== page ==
For more than three decades, Jim Nesbitt roved the American outback as a correspondent based in Texas, Florida and Washington, D.C. He chased hurricanes, earthquakes, plane wrecks, presidential candidates, wildfires, rodeo cowboys, ranchers, migrant field hands, neo-Nazis and nuns—always with an eye for the telling detail and an ear for the voices that give life to a story. Nesbitt is a natural storyteller with a taste for hard-bitten noir, which he serves up with chicken-fried flare in in his debut noir, The Last Second Chance: An Ed Earl Burch novel. Recently, Nesbit was put on a hard chair under the bright lights and questioned…
WHAT LED AN EX-JOURNALIST TO WRITE A DETECTIVE NOVEL?
I've always thought of hard-boiled detective novels an American art form. At their best, they're more than who-dun-its or thrillers, they're vehicles for a writer's observations about culture, politics, philosophy, music, history, and a time or a place. Or life, it’s ownself. When you read James Ellroy, Dashiell Hammett or James Lee Burke, their stories are always about far more than good guys chasing bad guys. That’s the kind of book I wanted to write.
WHERE DID YOU GET THE IDEA FOR YOUR MOST RECENT BOOK?
When you write, you start with what you know. I knew a little something about the violent crevices between Texas and Mexico from my journalism days. I also knew some cops and redneck outlaws. I knew I wanted to mashup those elements in a noir drenched detective novel. When I mixed those elements together, out popped Ed Earl Burch, Carla Sue Cantrell, and The Last Second Chance.
GIVE ME THE SCOOP ON ED EARL BURCH...
He’s a cashiered vice and homicide cop, working as a private investigator in Dallas in the 1980s—the time of the oil bust and the savings and loan crash. He’s got his life narrowed down to the bare essentials—work, whiskey, a ratty apartment, and the occasional fling with women who drink in the same bars. He’s a burnout with three ex-wives and a dead partner. He mostly wants to forget and be left alone. But when fate comes calling, he finds out he’s still got enough fire for one last ride.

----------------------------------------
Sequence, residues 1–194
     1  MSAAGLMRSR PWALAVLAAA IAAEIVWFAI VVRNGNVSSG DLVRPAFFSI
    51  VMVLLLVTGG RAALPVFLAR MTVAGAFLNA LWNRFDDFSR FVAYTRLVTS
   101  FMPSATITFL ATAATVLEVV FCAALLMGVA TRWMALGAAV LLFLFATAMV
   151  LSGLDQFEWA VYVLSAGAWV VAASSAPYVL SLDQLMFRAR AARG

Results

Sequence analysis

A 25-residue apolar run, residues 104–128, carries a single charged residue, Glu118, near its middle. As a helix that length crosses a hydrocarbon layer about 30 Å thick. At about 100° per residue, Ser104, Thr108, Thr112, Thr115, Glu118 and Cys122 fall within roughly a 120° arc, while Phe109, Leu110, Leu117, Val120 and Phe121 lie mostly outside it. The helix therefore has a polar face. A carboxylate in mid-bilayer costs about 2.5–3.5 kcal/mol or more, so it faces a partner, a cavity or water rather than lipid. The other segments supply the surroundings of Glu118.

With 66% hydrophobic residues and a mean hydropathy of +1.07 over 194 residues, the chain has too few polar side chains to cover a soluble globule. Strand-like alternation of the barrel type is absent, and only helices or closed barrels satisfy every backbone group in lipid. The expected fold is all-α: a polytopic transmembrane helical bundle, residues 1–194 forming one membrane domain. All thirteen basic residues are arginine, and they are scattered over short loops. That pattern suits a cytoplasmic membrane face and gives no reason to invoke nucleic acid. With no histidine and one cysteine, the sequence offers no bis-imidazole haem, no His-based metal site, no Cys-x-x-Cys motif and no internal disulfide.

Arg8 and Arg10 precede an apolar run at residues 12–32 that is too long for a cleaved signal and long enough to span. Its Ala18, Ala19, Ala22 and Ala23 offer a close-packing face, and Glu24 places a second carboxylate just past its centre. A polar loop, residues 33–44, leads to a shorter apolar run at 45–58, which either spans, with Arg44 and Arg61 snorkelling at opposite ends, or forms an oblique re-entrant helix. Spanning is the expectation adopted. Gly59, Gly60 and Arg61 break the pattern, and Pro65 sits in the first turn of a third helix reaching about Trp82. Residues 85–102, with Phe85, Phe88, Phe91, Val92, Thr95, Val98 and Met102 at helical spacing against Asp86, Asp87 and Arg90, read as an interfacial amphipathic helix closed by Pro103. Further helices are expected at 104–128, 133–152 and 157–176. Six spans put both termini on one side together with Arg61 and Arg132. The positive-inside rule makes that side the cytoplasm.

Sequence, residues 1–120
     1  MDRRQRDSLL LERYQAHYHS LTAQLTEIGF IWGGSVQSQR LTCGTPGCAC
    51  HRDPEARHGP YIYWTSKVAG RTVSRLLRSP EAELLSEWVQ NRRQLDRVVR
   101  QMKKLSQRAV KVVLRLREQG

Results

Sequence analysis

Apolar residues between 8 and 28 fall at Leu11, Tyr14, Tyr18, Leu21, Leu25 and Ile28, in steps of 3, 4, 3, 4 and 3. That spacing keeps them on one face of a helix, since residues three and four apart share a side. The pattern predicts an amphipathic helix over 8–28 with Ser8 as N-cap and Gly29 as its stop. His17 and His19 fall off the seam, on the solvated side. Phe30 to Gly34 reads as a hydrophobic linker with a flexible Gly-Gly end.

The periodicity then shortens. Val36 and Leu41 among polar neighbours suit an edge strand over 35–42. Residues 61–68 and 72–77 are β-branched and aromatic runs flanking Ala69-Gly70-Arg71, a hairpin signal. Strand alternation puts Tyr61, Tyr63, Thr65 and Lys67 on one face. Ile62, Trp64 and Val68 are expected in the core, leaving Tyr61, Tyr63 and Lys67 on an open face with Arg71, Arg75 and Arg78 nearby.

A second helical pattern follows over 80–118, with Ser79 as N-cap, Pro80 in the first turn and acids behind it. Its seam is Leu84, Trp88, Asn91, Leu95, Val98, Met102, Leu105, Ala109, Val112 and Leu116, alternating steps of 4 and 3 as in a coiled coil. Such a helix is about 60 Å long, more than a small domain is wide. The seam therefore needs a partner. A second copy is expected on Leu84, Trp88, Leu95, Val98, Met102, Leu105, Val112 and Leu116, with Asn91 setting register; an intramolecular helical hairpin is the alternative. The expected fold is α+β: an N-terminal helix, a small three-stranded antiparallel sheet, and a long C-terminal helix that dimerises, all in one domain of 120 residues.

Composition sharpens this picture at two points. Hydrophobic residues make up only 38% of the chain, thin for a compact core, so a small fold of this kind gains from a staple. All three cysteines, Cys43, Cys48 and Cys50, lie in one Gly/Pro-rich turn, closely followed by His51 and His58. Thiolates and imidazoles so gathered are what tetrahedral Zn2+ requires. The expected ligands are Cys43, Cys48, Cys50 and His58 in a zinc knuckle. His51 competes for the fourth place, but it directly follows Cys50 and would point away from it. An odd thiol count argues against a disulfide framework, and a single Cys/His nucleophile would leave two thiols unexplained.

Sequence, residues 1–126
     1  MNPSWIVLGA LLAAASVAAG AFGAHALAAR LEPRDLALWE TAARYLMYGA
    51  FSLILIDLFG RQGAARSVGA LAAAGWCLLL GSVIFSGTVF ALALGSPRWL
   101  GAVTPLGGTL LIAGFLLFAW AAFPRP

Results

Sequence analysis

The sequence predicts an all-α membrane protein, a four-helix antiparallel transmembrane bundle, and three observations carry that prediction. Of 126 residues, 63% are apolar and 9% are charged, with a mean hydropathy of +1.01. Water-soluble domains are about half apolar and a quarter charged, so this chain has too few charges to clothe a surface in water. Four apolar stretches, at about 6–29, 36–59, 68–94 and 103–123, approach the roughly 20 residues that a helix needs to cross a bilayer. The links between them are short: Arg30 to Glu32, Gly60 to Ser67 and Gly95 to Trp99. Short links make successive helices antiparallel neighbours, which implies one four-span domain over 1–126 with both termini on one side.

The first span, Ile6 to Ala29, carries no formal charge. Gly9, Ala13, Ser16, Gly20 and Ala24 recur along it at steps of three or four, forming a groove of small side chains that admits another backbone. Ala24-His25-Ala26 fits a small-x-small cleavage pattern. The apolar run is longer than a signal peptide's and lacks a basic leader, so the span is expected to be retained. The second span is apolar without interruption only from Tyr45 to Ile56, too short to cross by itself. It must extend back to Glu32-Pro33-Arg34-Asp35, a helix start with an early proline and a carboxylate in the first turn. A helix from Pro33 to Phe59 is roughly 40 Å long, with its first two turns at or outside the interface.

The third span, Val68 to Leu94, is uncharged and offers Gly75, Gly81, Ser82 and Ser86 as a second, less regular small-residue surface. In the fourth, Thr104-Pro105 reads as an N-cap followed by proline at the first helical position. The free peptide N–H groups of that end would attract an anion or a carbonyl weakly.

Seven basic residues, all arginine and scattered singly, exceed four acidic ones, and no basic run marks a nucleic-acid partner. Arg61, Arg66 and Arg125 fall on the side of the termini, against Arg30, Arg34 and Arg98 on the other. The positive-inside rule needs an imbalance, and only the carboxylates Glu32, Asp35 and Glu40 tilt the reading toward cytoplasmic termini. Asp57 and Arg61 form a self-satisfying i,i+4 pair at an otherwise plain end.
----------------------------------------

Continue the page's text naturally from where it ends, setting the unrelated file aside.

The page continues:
Reading good writers. It doesn't always inspires me—sometimes, the writing is so good I get depressed I'll never reach those heights. Then I get prideful and a bit angry and take the challenge to up my game.
WHAT ARE YOU CURRENTLY WORKING ON?
When not figuring out this new game of promotion for The Last Second Chance, I’m editing the second Ed Earl Burch novel, The Right Wrong Number. When I can catch my breath, I’m starting to do research for my third novel—another Ed Earl yarn. Sense a pattern there?
A violent waltz across Texas, The Last Second Chance, is a taut, fast-paced slice of noir about to rain down on cashiered vice and homicide detective Ed Earl Burch—now living a stripped-down life as a Dallas private investigator in the mid-1980s. Burch is an ex-jock with a hollowed-out soul weighed down by the violent mistakes that got him booted off the force—including a dead partner and a killer who got snuffed before Burch could track him down.
Now he plays it smart and cautious. Keep the lines straight. Don’t take a risk. Don’t give a damn. It’s the creed of the terminal burnout living a day at a time, drink by drink, with a boot on the rail of any saloon. But then Carla Sue Cantrell, a short blonde with ice-blue eyes and a taste for muscle cars, crystal meth and the high-wire double-cross, changes everything.
Pointing a Colt 1911 at his head, Carla Sue tells Burch his partner’s killer—a narco named Teddy Roy Bonafacio—is still alive. Framed for murder and chased by cops and gunmen, Burch takes Cantrell on the run through the scrubby Texas Hill Country—home of the sixth largest bat cave in the world, and the high desert of El Paso and northern Mexico. They're gunning for the same man who they both want dead—the narco, known as El Rojo Loco. Final destination—kill or be killed…It’s going to be a helluva dance.
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